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Aggregate and Heterogeneous Sectoral Growth Effects of Foreign Direct Investment in Egypt

Research output: Contribution to journalJournal articlepeer-review

Published
<mark>Journal publication date</mark>17/11/2020
<mark>Journal</mark>Review of Development Economics
Issue number4
Volume24
Number of pages18
Pages (from-to)1511-1528
Publication StatusPublished
Early online date2/08/20
<mark>Original language</mark>English

Abstract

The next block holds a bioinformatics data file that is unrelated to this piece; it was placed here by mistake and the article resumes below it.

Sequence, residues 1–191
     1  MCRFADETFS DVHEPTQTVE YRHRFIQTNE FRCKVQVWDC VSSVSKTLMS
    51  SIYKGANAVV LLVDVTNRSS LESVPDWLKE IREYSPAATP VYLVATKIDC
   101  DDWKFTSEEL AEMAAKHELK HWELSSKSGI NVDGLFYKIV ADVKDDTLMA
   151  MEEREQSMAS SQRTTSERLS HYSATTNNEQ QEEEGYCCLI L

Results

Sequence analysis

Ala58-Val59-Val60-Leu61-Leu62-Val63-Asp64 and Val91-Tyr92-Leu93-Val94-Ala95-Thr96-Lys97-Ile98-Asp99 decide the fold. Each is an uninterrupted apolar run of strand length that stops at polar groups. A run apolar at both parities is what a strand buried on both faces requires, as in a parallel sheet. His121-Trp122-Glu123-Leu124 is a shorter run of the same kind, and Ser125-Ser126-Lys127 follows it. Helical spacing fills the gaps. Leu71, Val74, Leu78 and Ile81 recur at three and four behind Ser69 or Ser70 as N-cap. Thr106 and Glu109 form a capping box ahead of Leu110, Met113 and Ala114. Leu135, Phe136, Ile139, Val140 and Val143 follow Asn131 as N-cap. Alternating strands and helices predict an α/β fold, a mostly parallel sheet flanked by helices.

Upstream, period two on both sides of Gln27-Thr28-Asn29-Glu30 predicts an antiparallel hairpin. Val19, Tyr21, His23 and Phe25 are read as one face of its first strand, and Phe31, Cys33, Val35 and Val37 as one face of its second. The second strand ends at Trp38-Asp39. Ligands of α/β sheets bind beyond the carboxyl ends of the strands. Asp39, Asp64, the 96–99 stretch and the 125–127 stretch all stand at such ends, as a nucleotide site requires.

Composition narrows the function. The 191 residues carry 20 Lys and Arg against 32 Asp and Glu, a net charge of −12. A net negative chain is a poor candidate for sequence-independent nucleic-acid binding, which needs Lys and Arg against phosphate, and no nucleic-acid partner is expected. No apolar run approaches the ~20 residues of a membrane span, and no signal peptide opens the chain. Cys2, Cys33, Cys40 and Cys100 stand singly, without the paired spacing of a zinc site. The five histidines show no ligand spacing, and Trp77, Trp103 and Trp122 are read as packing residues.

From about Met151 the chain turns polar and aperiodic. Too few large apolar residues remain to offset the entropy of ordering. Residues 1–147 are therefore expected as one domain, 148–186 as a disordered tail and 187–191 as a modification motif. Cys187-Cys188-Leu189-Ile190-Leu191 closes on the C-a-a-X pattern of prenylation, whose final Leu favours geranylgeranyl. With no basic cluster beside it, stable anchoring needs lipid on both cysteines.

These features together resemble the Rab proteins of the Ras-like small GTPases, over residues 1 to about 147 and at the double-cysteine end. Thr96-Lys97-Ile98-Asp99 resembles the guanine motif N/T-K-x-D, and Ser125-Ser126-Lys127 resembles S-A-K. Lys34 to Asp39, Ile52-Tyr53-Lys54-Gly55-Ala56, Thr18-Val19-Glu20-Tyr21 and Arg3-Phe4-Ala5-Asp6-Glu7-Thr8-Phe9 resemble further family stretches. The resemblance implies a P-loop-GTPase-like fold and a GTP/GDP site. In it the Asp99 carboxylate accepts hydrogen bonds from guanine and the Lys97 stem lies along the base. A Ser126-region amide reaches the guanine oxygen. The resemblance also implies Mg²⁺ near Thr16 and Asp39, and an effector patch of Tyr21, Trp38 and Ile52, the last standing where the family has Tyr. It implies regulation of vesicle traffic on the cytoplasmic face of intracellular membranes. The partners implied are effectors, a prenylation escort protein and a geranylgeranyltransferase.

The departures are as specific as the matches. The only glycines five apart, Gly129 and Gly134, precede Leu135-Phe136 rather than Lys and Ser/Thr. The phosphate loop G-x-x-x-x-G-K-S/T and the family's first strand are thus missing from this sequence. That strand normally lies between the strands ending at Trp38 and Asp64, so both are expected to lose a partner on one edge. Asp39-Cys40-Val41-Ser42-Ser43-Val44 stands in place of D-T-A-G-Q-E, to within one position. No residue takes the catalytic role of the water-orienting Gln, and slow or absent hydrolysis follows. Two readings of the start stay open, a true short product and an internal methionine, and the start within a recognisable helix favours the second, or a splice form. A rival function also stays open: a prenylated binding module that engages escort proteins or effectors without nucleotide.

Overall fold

This paper investigates the sectoral impacts of FDI on growth in Egypt between 1990 and 2007 based upon a unique data set. It highlights the aggregation bias inherent in many empirical studies that focus solely on the economy-wide effects of foreign investment. Aggregate inflows of FDI are shown to be detrimental to the country’s economic growth performance, possibly as a result of the ‘crowding-out’ of more productive domestic investment. Some positive sector-specific effects however, are found for investment in Manufacturing & Petroleum, which also has beneficial spillovers into other sectors. FDI in the Finance & Retail and Telecommunications & Information Technology sectors are found to generate significantly negative growth effects while those in Services and Tourism are negative but generally insignificant. These findings suggest that ‘market-seeking’ FDI in certain sectors has conspicuous ‘crowding-out’ effects, possibly owing to insufficient domestic absorptive capacity. The results of this study further demonstrate the importance of potential sectoral heterogeneity of own sector and inter-sectoral economic growth effects of FDI. It therefore highlights the critical need for policy makers to take a more disaggregated sectoral-level evaluation of the benefits of foreign investment, particularly in developing economies such as Egypt.